These are among some of the findings from “Investing in Environmental Wealth for Poverty Reduction” prepared on behalf of the Poverty-Environment Partnership (PEP) for the 2005 World Summit taking place this week at the headquarters of the United Nations in New York.
One of the summit’s aims is to review the status of the Millennium Development Goals (MDGs) covering poverty eradication and the provision of safe and sufficient supplies of drinking water up to the reversal of the spread of diseases and the empowerment of women.
Launched in 2000, these internationally agreed goals are set to be met by 2015.
The partnership, which includes the United Nations Development Programme, United Nations Environment Programme (UNEP), organizations such as IUCN-the World Conservation Union and government agencies, today meets to plan how the environment can be mainstreamed in national poverty reduction strategies in order to better achieve the Goals.
Klaus Toepfer, UNEP Executive Director, said:” It is clear from this report, and from a series of other studies published throughout the year, that the environment is something like the red ribbon running through the Millennium Development Goals. It is not a luxury good, only affordable when all other problems have been solved. It is the oxygen that breathes life into all our aspirations for a healthier, fairer and more stable world. I would call on world leaders to recognize this in the outcome of this important summit”.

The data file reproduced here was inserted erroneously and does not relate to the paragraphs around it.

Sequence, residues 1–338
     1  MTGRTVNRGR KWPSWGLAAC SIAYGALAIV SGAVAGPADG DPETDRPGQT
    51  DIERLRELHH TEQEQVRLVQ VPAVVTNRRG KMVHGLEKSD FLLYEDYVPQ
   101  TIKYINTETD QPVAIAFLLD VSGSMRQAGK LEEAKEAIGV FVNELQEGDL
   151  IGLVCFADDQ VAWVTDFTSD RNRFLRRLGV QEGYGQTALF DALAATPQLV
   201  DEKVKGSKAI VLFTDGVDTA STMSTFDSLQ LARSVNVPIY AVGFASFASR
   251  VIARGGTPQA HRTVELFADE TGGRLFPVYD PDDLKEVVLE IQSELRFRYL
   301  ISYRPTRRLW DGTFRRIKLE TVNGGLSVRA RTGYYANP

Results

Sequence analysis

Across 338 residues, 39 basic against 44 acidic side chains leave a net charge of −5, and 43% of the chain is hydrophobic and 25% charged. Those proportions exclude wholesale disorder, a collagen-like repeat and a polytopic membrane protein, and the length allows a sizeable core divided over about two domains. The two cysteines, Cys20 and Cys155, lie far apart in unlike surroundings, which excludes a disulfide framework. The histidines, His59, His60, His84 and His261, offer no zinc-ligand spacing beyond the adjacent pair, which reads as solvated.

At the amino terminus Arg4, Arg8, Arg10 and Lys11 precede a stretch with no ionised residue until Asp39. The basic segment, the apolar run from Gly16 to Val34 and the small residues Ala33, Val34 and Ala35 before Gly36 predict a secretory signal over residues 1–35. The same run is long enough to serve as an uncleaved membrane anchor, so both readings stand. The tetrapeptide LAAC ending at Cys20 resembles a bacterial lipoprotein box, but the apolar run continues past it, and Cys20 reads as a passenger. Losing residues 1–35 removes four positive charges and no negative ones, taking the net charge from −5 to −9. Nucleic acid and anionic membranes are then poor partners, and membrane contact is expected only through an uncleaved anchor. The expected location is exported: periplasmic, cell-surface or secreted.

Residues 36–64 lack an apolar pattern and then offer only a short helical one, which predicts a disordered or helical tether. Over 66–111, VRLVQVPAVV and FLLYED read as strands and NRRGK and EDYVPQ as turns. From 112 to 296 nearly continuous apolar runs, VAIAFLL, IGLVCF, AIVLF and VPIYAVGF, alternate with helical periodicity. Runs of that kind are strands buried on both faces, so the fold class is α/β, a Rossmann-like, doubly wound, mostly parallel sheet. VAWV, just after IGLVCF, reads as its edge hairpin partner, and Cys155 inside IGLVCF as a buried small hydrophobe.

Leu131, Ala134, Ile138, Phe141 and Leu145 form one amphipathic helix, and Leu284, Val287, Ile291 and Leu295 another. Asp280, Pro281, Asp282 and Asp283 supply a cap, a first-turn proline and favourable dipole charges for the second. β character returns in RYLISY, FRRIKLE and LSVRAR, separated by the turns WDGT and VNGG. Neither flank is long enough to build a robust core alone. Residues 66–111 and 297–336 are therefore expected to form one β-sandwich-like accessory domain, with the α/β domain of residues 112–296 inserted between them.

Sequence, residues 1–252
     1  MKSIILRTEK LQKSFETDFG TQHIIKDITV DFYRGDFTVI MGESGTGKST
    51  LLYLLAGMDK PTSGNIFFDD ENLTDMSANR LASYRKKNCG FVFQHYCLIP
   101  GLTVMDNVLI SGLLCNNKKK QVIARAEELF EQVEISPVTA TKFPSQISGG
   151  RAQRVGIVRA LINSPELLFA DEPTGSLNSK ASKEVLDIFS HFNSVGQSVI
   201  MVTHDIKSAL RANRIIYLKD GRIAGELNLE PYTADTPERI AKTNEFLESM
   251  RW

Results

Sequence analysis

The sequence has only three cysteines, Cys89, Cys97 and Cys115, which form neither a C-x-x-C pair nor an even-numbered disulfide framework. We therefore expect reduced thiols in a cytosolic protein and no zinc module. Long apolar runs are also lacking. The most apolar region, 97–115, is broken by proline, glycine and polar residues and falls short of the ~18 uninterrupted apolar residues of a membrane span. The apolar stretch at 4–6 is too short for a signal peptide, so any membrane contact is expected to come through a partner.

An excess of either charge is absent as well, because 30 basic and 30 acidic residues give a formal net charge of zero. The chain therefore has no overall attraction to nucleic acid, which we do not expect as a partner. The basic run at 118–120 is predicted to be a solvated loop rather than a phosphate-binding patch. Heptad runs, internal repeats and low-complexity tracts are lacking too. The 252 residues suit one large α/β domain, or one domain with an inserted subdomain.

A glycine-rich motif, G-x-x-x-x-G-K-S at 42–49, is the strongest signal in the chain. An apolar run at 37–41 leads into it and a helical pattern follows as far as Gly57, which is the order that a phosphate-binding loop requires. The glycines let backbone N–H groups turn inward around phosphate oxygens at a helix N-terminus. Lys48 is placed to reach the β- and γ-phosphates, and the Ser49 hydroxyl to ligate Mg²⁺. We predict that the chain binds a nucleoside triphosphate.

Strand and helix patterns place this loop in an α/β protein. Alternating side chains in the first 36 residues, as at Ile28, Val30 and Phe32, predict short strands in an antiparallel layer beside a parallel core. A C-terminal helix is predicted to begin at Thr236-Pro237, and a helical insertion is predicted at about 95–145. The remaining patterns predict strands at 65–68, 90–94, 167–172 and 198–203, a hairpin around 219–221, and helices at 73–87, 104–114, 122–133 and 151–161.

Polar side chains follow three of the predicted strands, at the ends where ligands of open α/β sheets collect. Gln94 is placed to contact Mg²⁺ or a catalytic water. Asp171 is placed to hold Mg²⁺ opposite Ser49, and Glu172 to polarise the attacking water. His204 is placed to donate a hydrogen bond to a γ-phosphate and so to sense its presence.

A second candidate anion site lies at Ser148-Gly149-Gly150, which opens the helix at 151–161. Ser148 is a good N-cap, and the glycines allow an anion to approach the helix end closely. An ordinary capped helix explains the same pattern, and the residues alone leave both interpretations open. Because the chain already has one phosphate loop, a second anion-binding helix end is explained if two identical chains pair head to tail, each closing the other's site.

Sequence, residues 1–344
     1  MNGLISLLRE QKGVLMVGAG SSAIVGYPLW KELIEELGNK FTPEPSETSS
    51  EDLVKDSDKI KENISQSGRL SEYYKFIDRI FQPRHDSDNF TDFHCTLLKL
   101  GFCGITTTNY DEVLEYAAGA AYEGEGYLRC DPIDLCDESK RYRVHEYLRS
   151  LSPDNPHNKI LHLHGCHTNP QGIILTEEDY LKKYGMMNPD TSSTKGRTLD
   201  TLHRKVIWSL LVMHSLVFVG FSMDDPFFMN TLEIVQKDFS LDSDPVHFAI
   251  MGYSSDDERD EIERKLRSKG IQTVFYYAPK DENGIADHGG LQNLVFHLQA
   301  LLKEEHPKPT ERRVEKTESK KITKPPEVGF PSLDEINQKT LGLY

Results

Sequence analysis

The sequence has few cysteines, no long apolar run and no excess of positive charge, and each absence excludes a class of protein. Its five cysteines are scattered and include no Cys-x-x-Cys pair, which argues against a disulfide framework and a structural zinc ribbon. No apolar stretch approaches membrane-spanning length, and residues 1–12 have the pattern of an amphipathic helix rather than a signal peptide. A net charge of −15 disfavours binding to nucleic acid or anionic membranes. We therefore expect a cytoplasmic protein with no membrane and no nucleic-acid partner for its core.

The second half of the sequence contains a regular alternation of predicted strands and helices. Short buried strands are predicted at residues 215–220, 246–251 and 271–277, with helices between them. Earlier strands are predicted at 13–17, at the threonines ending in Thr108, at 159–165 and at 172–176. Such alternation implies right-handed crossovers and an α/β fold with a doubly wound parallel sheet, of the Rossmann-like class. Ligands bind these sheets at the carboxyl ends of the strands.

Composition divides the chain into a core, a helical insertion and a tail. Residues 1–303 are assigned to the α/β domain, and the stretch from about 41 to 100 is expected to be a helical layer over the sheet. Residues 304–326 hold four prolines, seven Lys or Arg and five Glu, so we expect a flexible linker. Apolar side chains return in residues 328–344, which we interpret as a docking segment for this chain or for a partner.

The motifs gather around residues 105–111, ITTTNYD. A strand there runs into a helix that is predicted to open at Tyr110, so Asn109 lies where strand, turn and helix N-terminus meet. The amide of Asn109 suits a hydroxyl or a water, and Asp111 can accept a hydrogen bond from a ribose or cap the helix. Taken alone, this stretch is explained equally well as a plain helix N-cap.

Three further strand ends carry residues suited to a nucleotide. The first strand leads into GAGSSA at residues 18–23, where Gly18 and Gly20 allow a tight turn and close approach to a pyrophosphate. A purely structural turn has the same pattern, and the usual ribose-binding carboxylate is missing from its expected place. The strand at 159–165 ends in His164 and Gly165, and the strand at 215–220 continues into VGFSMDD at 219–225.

“We also need to pursue more imaginative and clever methods for paying the poor for the regional and global assets they hold. It has been calculated that the carbon absorption value of tropical forests alone is worth tens of billions of dollars a year. But these ecosystem services, which largely remove the pollution of the rich countries from the atmosphere, are provided gratis and the people paid nothing for these assets,” he said.
“Increased investment alone is not enough,” notes Kemal Dervis, Administrator of UNDP. “To be effective, investments must be implemented and driven at the grassroots level by communities, local governments and the private sector. The poor must have secure rights and access to natural resources and a greater voice in decisions over the management of the land, water and biological resources that support their livelihoods.”
The PEP report, whose lead author was the renowned environmental economist Professor David Pearce who tragically died last week, outlines the challenges of bringing the value of the environment into center stage.